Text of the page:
Its not like we didn’t have any alerts or alarms during that time, we just never continued on with the whole theme of “lets put something together to yell at us whenever weird stuff happens in our ELK stack”. We’ve been using Pingdom ever since our first service went live (to monitor HTTP endpoints and websites) and we’ve been slowly increasing our usage of CloudWatch alarms, but all of that juicy intelligence in the ELK stack is still languishing in alerting limbo.

Until now.

Attention Deficit Disorder

As I’ve previously outlined, we have a wealth of information available in our ELK stack, including things like IIS logs, application logs, system statistics for infrastructure (i.e. memory, CPU, disk space, etc), ELB logs and various intelligence events (like “user used feature X”).

This information has proven to be incredibly valuable for general analysis (bug identification and resolution is a pretty common case), but historically the motivation to start using the logs occurs through some other channel, like a customer complaining via our support team someone just noticing that “hey, this thing doesn’t look right”.

Its all very reactive, and we’ve missed early warning signs in the past such that an issue affected real people, which is sloppy at best.

We can do better.

Ideally what we need to do is identify symptoms or leading indicators that things are starting to go wrong or degrade, and then dynamically alerted the appropriate people when these things are detected, so we can action them ASAP. In a perfect world, these sorts of triggers would be identified and put in place as an integral part of the feature delivery, but for now it would be enough that they just exist at some point in time.

And that’s where Elastalert comes in.

Its Not That We Can’t Pay Attention

Elastalert is a relatively straightforward piece of installed software that allows you to do things when the data in an Elasticsearch cluster meets certain criteria.

It was created at Yelp to work in conjunction with their ELK stack for exactly the purpose that we’re chasing, so its basically a perfect fit.

Also its free.

Elastic.co offers an alerting solution themselves, in the form of X-Pack Alerting (formerly Watcher). As far as I know its pretty amazing, and integrates smoothly with Kibana. However, it costs money, and its one of those things where you actually have to request a quote, rather than just being a price on a website, so you know its expensive. I think we looked into it briefly, but I can’t remember what the actual price would have been for us. I remember it being crazy though.

The Elastalert documentation is pretty awesome, but at a high level the tool offers a number of different ways to trigger alerts and a number of notification channels (like Hipchat, Slack, Email, etc) to execute when an alert is triggered.

All of the configuration is YAML based, which is a pretty common format these days, and all of the rules are just files, so its easy to manage.

Here’s an example rule that we use for detecting spikes in the amount of 50X response codes occurring for any of our services:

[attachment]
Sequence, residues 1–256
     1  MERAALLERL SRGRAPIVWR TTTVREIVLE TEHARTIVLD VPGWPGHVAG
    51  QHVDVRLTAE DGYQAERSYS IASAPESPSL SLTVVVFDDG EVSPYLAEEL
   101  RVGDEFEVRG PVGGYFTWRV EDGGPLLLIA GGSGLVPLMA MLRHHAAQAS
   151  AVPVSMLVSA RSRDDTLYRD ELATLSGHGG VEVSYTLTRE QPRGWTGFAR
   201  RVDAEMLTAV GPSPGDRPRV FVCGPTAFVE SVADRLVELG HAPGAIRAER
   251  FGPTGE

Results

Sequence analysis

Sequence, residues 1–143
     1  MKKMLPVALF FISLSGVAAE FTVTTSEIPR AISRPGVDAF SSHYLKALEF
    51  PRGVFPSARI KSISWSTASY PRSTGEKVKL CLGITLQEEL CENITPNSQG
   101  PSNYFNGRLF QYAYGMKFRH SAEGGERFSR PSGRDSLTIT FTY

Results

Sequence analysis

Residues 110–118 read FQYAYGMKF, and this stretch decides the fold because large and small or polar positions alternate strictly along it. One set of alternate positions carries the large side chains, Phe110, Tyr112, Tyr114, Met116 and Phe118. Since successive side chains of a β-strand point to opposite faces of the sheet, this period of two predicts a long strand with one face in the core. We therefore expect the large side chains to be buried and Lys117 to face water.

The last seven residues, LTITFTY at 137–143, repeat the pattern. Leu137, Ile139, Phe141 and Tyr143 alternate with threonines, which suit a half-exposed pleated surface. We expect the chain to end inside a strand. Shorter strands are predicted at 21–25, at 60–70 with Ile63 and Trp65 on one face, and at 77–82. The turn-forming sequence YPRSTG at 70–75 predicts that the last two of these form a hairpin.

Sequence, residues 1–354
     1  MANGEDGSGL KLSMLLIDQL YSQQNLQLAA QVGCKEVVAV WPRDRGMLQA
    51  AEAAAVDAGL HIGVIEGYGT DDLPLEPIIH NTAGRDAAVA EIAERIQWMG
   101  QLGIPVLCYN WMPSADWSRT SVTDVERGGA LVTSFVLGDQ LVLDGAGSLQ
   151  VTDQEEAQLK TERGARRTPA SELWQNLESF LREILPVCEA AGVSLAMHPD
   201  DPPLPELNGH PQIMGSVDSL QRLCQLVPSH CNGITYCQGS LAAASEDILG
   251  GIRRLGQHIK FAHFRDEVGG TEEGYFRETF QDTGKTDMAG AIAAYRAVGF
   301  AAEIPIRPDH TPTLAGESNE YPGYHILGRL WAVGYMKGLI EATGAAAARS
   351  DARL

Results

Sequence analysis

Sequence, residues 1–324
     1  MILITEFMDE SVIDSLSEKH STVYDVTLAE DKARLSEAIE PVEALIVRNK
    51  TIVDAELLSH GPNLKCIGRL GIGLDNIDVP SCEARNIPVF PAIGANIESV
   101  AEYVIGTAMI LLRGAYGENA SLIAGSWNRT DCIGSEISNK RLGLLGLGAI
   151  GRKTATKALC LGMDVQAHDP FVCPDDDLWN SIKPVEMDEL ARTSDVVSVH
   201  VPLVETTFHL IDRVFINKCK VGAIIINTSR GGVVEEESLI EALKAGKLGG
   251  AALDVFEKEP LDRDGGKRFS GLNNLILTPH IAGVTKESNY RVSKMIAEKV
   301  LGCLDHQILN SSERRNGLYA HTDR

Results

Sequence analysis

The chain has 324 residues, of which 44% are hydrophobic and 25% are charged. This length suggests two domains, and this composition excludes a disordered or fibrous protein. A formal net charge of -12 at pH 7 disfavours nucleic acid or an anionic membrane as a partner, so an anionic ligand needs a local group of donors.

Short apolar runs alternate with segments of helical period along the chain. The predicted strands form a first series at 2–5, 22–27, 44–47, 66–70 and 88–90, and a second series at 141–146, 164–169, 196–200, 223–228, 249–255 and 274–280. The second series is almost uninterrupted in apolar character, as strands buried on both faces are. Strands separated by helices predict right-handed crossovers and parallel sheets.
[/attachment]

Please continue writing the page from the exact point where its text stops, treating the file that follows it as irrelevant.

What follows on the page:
name: Spike in 5xxs
type: spike
index: logstash-*


spike_height: 2
spike_type: up
threshold_cur: @@general-spike-5xxs.yaml.threshold_cur@@

- query:
      query: "Status: [500 TO 599]"
alert: "hipchat"
alert_text_type: alert_text_only
alert_text: |
  <a href="@@KIBANA_URL@@">5xxs spiked {1}x. Was {2} in the last {3}, compared to {4} the previous {3}</a>
hipchat_message_format: html
hipchat_from: Elastalert
hipchat_room_id: "@@HIPCHAT_ROOM@@"
hipchat_auth_token: "@@HIPCHAT_TOKEN@@"
- name
- spike_height
- spike_count
- reference_count

The only thing in the rule above not covered extensively in the documentation is the @@SOMETHING@@ notation that we use to do some substitutions during deployment. I’ll talk about that a little bit later, but essentially its just a way to customise the rules on a per environment basis without having to rewrite the entire rule (so CI rules can execute every 30 seconds over the last 4 hours, but production might check every few minutes over the last hour and so on).

There’s Just More Important Thi….Oh A Butterfly!

With the general introduction to Elastalert out of the way, the plan for this series of posts is eerily similar to what I did for the ELK stack refresh.

Hopefully I can put together a publicly accessible repository in Github with all of the Elastalert work in it before the end of this series of posts, but I can’t make any promises. Its pretty time consuming to take one of our internal repositories and sanitized it for consumption by the greater internet, even if it is pretty useful.

To Be Continued

Before I finished up, I should make it clear that we’ve already implemented the Elastalert stuff, so its not in the same boat as our plans for Sensu. We’re literally using Elastalert right now to yell at us whenever interesting things happen in our ELK stack and its already proven to be quite useful in that respect.

Next week, I’ll go through the Elastalert environment we set up, and why the Elastalert application and Amazon Linux EC2 instances don’t get along very well.